Why Tom Holland Was Wrong About Christianity

Last week saw the UK release of the much-anticipated new volume by hotshot British historian […]

David Zahl / 9.11.19

Last week saw the UK release of the much-anticipated new volume by hotshot British historian and author Tom Holland (not that Tom Holland), Dominion: The Making of the Western Mind. It arrives officially on our shores in late October with a different subtitle, How the Christian Revolution Remade the World. While we wait for our copy to arrive at Mbird HQ, one doubts we’ll get a better opportunity to revisit the remarkable column Holland penned for The New Statesman a couple years ago, “Why I Was Wrong About Christianity”. By way of context, at the time Holland was finishing publicity for his 2015 blockbuster, Dynasty: The Rise and Fall of the House of Caesar. Get a load of this:

The longer I spent immersed in the study of classical antiquity, the more alien and unsettling I came to find it. The values of Leonidas, whose people had practised a peculiarly murderous form of eugenics, and trained their young to kill uppity Untermenschen by night, were nothing that I recognised as my own; nor were those of Caesar, who was reported to have killed a million Gauls and enslaved a million more. It was not just the extremes of callousness that I came to find shocking, but the lack of a sense that the poor or the weak might have any intrinsic value. As such, the founding conviction of the Enlightenment – that it owed nothing to the faith into which most of its greatest figures had been born – increasingly came to seem to me unsustainable…

“We preach Christ crucified,” St Paul declared, “unto the Jews a stumbling block, and unto the Greeks foolishness.” He was right. Nothing could have run more counter to the most profoundly held assumptions of Paul’s contemporaries – Jews, or Greeks, or Romans. The notion that a god might have suffered torture and death on a cross was so shocking as to appear repulsive. Familiarity with the biblical narrative of the Crucifixion has dulled our sense of just how completely novel a deity Christ was. In the ancient world, it was the role of gods who laid claim to ruling the universe to uphold its order by inflicting punishment – not to suffer it themselves.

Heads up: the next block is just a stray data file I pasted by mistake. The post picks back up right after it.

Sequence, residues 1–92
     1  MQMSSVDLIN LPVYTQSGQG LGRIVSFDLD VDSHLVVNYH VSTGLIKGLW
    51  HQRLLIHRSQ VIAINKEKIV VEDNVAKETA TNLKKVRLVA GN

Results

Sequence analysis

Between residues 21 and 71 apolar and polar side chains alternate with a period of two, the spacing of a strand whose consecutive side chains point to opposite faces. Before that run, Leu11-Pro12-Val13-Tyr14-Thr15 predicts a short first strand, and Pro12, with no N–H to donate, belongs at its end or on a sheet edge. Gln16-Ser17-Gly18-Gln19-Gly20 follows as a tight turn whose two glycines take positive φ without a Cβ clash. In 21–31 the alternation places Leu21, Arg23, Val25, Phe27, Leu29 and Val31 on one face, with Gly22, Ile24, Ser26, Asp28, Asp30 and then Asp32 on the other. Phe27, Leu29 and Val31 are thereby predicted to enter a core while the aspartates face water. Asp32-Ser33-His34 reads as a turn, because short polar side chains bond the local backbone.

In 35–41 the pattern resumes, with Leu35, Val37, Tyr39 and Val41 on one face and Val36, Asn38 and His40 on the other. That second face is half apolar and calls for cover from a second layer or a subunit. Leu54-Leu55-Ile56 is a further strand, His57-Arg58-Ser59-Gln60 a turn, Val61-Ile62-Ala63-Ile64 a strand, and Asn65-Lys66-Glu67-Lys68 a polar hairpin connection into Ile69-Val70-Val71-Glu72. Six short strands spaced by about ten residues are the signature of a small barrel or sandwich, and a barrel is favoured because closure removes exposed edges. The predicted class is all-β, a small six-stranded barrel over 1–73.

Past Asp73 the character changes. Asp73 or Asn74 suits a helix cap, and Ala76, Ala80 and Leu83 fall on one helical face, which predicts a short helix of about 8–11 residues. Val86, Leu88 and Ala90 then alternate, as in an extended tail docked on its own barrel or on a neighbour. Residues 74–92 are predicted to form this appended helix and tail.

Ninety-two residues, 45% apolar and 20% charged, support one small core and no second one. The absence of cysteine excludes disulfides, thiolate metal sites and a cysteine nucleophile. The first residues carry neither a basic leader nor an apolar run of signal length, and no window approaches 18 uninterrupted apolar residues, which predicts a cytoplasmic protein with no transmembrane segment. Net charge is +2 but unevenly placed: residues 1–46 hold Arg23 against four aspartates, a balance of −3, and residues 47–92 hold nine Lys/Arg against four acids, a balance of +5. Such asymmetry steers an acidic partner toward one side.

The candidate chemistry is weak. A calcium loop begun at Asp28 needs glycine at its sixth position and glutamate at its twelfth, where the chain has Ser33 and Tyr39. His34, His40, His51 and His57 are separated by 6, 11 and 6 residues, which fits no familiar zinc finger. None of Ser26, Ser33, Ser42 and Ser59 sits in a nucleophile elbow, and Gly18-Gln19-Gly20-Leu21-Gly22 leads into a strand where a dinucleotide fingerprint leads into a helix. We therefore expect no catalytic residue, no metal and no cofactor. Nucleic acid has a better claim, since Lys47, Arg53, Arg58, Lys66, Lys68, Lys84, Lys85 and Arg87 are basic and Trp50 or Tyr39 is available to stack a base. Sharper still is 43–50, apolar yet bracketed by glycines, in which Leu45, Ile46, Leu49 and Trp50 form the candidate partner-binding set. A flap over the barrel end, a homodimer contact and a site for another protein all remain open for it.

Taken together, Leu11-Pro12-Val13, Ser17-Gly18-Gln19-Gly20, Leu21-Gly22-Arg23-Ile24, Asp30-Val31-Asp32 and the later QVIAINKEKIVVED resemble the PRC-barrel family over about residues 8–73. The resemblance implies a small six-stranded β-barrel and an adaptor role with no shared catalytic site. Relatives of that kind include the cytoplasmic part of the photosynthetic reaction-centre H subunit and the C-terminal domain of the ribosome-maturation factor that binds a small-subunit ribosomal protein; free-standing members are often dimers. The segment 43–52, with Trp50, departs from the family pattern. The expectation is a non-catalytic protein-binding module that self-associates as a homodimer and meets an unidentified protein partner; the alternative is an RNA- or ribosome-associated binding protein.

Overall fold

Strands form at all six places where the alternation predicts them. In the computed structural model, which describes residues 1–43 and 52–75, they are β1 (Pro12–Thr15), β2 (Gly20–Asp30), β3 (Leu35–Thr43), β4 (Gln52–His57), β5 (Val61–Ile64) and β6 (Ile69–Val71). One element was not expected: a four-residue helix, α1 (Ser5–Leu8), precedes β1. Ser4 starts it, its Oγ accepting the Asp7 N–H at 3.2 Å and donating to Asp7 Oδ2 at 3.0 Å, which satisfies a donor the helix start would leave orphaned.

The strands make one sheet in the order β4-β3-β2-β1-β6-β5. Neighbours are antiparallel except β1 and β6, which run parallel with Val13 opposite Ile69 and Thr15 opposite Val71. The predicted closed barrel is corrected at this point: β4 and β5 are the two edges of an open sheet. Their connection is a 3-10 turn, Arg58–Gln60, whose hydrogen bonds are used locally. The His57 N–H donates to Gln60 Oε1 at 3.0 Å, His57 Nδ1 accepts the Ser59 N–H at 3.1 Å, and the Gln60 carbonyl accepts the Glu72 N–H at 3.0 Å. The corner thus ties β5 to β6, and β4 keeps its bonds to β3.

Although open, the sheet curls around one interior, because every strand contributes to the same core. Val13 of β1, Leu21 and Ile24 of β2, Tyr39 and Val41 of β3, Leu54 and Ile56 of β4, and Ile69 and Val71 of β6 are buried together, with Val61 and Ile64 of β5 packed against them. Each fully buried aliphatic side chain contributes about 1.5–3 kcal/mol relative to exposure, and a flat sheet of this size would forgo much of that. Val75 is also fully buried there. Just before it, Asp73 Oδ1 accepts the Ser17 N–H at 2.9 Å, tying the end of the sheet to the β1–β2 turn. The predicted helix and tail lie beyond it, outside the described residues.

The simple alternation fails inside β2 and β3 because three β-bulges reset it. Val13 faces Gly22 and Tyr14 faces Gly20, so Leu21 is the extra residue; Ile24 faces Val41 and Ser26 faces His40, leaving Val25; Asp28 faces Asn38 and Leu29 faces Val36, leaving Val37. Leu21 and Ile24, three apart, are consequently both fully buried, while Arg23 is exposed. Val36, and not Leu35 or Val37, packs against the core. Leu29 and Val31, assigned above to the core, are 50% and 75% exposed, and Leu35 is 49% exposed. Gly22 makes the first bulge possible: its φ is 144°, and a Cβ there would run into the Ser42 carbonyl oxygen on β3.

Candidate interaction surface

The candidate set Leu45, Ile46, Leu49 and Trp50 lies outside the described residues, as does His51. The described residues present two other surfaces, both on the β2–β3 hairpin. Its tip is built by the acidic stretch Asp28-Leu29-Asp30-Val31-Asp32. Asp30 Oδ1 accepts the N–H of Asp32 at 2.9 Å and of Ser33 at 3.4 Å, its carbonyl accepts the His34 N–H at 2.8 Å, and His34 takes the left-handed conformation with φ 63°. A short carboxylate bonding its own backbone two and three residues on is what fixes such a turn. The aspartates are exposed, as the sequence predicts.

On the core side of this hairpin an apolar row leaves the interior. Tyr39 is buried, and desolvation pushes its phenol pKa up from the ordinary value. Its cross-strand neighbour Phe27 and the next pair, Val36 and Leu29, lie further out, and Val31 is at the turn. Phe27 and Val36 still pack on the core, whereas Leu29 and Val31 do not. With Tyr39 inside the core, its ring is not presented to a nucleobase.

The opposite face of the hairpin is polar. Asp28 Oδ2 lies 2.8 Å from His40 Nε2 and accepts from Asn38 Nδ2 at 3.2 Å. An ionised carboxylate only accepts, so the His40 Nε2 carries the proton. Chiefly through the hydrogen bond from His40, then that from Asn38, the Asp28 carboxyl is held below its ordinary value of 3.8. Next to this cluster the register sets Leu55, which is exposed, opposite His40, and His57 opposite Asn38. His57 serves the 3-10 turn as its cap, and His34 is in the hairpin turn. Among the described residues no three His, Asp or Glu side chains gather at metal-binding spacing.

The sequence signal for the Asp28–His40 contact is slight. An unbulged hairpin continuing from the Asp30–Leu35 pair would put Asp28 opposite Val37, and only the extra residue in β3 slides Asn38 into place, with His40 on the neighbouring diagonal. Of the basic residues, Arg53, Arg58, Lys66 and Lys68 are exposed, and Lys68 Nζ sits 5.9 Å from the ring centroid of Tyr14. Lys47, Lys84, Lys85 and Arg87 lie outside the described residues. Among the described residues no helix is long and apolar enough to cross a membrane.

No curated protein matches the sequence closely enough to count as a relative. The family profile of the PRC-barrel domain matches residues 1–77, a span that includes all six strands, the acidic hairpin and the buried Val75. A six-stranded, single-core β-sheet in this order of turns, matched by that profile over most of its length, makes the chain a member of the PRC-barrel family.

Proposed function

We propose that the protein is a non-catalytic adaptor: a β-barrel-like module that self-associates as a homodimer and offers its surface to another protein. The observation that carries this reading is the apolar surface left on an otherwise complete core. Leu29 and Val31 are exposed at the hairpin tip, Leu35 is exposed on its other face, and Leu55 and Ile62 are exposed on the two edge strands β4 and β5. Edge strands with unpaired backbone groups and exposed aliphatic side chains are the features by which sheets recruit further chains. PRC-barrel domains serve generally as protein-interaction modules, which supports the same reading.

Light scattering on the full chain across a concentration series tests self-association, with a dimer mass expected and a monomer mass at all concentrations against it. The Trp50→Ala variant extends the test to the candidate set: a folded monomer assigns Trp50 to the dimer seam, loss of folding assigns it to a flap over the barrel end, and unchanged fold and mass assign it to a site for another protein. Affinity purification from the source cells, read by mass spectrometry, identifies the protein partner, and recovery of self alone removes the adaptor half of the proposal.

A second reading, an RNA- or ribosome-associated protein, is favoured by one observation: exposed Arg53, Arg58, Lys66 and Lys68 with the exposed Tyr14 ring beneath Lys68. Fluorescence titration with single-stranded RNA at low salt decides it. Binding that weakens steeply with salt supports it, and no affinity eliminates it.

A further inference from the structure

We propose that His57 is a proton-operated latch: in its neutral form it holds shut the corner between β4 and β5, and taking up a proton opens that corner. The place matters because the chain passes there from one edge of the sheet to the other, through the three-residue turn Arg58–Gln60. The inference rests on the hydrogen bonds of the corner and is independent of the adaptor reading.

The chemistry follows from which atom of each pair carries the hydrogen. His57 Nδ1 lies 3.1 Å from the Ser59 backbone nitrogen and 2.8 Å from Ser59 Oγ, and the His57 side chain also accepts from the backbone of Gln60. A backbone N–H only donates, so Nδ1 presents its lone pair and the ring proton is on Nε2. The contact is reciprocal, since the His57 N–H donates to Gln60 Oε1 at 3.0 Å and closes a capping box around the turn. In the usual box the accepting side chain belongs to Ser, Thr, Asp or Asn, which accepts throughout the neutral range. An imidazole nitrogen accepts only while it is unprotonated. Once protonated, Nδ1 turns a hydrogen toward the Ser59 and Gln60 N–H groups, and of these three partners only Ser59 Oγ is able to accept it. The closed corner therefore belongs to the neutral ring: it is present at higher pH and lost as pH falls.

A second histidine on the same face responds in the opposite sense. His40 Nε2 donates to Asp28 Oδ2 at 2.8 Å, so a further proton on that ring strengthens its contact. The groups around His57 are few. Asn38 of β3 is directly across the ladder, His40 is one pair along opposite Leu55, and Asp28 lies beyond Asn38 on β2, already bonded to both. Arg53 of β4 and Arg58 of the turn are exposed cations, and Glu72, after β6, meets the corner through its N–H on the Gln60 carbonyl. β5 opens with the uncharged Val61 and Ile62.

Today, even as belief in God fades across the West, the countries that were once collectively known as Christendom continue to bear the stamp of the two-millennia-old revolution that Christianity represents. It is the principal reason why, by and large, most of us who live in post-Christian societies still take for granted that it is nobler to suffer than to inflict suffering. It is why we generally assume that every human life is of equal value. In my morals and ethics, I have learned to accept that I am not Greek or Roman at all, but thoroughly and proudly Christian.


2 responses to “Why Tom Holland Was Wrong About Christianity”

  1. David Harvey says:

    Did you see this piece he wrote last year – it follows on a little bit. https://www.spectator.co.uk/2019/04/thank-god-for-western-values/?fbclid=IwAR2vqIekcvW4kaZ3ddVWlKk-pzpOmebv_ReyTJVKzg8BQyjJYfWURCdwBp0

    I read a draft of the Paul chapter of his book a while back. I’m quite excited to see how the public respond to the book. I hope Mockingbird will be doing a few follow up blogs.

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